Author Archives: Aaron Lynch

3 Indie Games I Have Waited an Eternity to Play (but get to soon)

With the release of BattleBlock Theater today, I want to mention three other games I have been waiting 3+ years to play that are all releasing soon.  Indie developers take their time when launching games, but it usually shows.

BattleBlock Theater (XBLA) – Released April 3, 2013

Behemoth got their start developing Alien Hominid for New Grounds and then for XBLA.  They followed that success with the 9th most successful XBLA game: Castle Crashers. Behemoth is known for developing side-scrolling adventure games with a sense of humor, and BattleBlock Theatre continues that tradition.  Behemoth has a history of developing high-quality games that challenge and satisfy that nostalgic arcade feeling.

SpyParty (PC) – Currently in Open Beta

SpyParty is a game that challenges players to understand details of human behavior unique to gaming.  SpyParty is being developed by Chris Hecker, a former Maxis employee who worked with Will Wright on Spore. The summary of the game is this: there are two roles, spy and sniper. The spy tries to accomplish missions while at a crowded dinner party while the other player (the sniper) tries to identify which of the guests is the other player. The game ends when the sniper (who only gets one shot) or the spy accomplishes his/her mission.  While simple in concept, it’s an ambitious project that needs to be subtle enough to allow a human player to hide convincingly among a host of logic-based AIs, and simple enough enough so players can easily understand the options available to them.  I think this game has the potential to alter the way we think about AI and human interaction in games.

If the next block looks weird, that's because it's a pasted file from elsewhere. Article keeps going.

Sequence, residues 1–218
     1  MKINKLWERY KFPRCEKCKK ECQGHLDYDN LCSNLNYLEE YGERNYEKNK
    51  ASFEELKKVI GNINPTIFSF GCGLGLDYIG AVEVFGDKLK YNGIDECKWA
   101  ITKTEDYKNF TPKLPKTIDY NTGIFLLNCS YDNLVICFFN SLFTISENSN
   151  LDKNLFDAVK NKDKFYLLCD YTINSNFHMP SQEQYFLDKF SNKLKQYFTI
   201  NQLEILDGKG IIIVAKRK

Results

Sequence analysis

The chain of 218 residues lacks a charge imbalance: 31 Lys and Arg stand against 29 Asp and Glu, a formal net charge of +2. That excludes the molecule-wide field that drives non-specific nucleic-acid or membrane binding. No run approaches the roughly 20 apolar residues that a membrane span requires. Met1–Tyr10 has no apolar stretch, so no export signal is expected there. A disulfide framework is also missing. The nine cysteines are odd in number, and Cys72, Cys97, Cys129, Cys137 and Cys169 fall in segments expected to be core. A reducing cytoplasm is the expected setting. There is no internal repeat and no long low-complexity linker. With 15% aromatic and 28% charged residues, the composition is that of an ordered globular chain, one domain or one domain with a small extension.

Monaco (PC and XBLA) – Release Date: April 24

I immediately fell in love with Monaco when I first saw it at PAX Prime.  Developed by Andy Schatz, Monaco is a four-player coop heist game where your mission is to get treasure, cash and other precious items whilst killing, tranquilizing and confusing enemy minions.  The brilliance of Monaco is in its line of sight design. In the same way that RTS games use fog of war, Monaco’s challenge lies in what you can and cannot see.  As your character moves, the map changes from blueprint to full color, which builds tension and challenging how you approach each area.  Already a 2010 Independent Games Festival Award Winner, Monaco has potential to be one of the best games of 2013.

Can Video Games Be Sports? Part 2

This is a two part article – you can find the first half here.


Regional Affiliation

Regional affiliation is one area where eSports still has room to grow.  In every major sports league and international competition, there is always regional ties and consistent teams.  Regional ties create bonds between large groups of people and strengthen local communities:  two people from Boston are likely to have one or two sports topics they can talk about, allowing them to share stories, rivalries and sports heroes.

Streaming video has been one of the best things to happen to online video game competitions, but the side effect has been a lack of physical representation.  This may not seem like a big deal, but regional affiliation gives people a reason to emotionally attach themselves to a team.  If a person moves to a Miami, suddenly they are allowed to cheer for the Heat.  In the same way, while watching the Olympics, you may know nothing about the athletes, but knowing their home country tells you a full story about their background, how likely they are to win and whether you should be cheering for them.